In medieval times public shaming was a common place deterrent used against future crimes – with humiliation regularly utilised over prison sentences. Onlookers would delight in watching as their neighbours were secured into the stocks, dunked into a lake while strapped to a chair or forced into ‘scold’s bridles’ to prevent them from speaking.
Those practices have thankfully been relegated to the pages of history, but with the rise of social media in the early 2000s, society has found new ways to ostracise people for perceived bad behaviour.
It’s a phenomenon that has spawned its own name ‘cancel culture’, with its etymology found in popular culture through a 1981 Chic song, Your Love is Cancelled. That song then inspired screenwriter Barry Michael Cooper to include a reference to a woman being “cancelled” in the 1991 film New Jack City – with the phrase being adopted into African-American Vernacular English (AAVE) before it eventually became more common.
In his 2015 book, So You’ve Been Publicly Shamed, British journalist Jon Ronson writes, “…with social media, we’ve created a stage for constant artificial high drama. Every day a new person emerges as a magnificent hero or a sickening villain. It’s all very sweeping, and not the way we actually are as people.”
Cancel Culture as a concept really started to take off in the mid-2010s as swathes of fans took to social media to call on the community to boycott certain celebrities over problematic comments or behaviours. The advent of #MeToo intensified things as industries like film and music faced a reckoning for the abuse of women and non-binary people – with victims taking to social media to call out perpetrators on a global stage.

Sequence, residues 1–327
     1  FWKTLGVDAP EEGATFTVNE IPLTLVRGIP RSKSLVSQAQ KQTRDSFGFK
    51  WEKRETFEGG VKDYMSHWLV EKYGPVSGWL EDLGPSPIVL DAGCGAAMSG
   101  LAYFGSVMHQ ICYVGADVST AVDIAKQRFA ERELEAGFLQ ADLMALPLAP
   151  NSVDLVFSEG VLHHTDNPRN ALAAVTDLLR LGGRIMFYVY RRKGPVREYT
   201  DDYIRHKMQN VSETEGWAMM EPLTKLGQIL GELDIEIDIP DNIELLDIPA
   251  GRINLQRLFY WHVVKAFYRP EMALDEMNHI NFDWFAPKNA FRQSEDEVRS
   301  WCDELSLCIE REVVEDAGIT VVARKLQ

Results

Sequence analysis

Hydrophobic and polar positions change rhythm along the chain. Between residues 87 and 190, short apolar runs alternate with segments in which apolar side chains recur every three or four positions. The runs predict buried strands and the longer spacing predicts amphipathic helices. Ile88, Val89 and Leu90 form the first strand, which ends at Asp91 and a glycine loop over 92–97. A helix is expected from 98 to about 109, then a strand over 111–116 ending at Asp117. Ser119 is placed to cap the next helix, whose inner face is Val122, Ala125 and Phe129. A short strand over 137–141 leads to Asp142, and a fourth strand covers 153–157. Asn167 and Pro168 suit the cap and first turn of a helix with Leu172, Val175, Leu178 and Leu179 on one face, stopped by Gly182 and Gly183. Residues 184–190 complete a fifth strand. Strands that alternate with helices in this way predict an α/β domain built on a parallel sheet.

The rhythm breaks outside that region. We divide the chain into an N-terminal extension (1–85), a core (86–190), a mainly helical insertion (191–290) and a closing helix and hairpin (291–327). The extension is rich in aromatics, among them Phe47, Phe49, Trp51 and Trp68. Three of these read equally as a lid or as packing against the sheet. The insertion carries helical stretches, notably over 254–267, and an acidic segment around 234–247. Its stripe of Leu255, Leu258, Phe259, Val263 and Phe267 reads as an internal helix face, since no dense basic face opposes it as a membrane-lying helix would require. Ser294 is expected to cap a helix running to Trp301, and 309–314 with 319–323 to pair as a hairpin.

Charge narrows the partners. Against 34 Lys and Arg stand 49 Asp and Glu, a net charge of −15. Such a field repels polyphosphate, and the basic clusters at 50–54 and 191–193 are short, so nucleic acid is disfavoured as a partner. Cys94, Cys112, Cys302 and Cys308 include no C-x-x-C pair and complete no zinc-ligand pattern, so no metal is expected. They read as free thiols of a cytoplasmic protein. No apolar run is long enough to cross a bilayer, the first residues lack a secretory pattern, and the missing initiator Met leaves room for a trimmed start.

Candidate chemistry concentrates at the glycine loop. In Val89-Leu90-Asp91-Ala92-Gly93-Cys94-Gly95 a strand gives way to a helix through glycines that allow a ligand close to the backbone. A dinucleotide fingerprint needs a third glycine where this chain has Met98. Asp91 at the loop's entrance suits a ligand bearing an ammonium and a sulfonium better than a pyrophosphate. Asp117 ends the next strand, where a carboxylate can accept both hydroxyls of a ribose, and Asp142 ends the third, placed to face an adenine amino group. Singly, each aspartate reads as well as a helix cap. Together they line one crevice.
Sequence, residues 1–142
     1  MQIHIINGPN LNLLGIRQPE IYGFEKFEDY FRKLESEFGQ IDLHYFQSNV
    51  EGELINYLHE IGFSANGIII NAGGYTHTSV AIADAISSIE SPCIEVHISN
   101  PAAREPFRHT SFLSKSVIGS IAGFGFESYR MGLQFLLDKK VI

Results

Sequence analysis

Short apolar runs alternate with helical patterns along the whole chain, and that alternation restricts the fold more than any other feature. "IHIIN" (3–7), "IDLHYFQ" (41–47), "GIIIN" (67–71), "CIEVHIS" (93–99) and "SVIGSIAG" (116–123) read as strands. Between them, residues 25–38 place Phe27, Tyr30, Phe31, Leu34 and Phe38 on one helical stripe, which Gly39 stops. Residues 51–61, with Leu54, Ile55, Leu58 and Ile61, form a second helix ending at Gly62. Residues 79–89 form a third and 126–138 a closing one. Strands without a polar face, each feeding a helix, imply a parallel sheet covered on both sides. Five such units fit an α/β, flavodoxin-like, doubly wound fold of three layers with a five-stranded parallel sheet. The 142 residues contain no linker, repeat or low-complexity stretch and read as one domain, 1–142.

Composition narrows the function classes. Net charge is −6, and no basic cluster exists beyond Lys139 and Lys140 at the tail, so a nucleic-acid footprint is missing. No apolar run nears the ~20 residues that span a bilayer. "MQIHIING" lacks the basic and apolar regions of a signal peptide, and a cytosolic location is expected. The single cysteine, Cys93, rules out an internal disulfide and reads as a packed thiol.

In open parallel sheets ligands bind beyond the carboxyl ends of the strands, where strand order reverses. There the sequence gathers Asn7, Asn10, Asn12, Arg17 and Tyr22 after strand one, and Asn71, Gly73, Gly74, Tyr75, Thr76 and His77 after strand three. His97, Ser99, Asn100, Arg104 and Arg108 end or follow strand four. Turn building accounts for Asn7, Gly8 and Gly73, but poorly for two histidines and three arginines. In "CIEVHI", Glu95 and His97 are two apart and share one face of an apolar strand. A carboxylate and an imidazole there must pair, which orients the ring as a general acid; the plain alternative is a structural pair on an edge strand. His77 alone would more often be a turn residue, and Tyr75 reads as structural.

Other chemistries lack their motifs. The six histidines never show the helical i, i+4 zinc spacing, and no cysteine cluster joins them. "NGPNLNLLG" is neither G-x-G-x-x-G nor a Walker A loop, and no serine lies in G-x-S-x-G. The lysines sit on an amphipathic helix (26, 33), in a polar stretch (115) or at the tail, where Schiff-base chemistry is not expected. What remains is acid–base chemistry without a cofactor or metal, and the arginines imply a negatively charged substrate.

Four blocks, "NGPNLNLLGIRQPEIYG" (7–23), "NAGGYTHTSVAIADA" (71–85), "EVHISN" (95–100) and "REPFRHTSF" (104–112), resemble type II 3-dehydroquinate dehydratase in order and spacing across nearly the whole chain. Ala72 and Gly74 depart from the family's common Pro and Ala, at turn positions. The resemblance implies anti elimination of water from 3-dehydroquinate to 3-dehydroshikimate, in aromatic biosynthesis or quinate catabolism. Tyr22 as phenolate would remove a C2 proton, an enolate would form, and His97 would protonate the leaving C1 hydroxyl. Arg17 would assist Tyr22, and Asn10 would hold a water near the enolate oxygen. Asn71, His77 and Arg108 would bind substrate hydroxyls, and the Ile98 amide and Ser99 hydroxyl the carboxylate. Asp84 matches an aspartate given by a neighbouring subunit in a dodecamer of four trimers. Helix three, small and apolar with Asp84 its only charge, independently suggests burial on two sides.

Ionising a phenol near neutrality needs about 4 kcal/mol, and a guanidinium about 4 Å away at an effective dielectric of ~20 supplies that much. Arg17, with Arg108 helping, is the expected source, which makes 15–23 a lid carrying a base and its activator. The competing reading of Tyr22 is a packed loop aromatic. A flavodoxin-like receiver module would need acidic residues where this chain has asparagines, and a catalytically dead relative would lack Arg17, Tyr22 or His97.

It’s here that the complicated dichotomy of cancel culture arrives. For victims of abuse and mistreatment, social media is a place to connect with other survivors, warn the community of serial offenders and tell their story. But in the court of social media public opinion, incidents of grave abuse are being judged alongside human error and differences of opinion – with the punishments just as severe.
In 2017 Sudanese-Australian media presenter and writer, Yassmin Abdel-Magied woke up on ANZAC Day and decided she wanted to post something on social media to mark the solemn occasion. She started with “Lest We Forget”, but then added, “(Manus, Nauru, Syria, Palestine…)” as a way to show she was engaging with the intention of the day.
In an article posted by The Age, Abdel-Magied explained, “I wanted to show that, okay, lest we forget. What else shouldn’t we forget? Lest we forget lives lost. What other lives should we also not forget about? I was trying to show that I was connecting with the spirit of the day [in a manner] that was deep and meaningful and nuanced.”
Despite quickly deleting the post and issuing an apology, the response from the public was swift and brutal, with senior politicians calling for her to be deported and sacked from her part-time ABC gig, and death threats and doxing (publishing of private or identifying information online) forcing Abdel-Magied to move house and change her number. She lost jobs and eventually chose to flee the country in order to start again without the weight of an entire nation’s disapproval pulling her down.
It’s a retribution that continues to haunt Abdel-Magied, with the activist telling The Age in May, “Oh yeah, it (Australia) expelled me and it was cruel, and it was cruel in a way it didn’t need to be… I really loved that country, and it broke my heart.”
In an essay posted to her substack, Diasporian Diaries in January 2021, Abdel-Magied wrote, “I am not interested in a world where misunderstandings, critiques and mistakes are collapsed in the same bucket as institutional and systemic injustice. We – and I start with myself – must consider, design and practice better ways of holding each other to account and learn to tailor the methods of accountability for who we are dealing with.”
In a society with always evolving public platforms to voice your opinions, and the advent of parasocial relationships (a one-sided relationship that a media user engages in with a media persona), public figures and common folk alike have been forced to reflect on free speech in the public realm.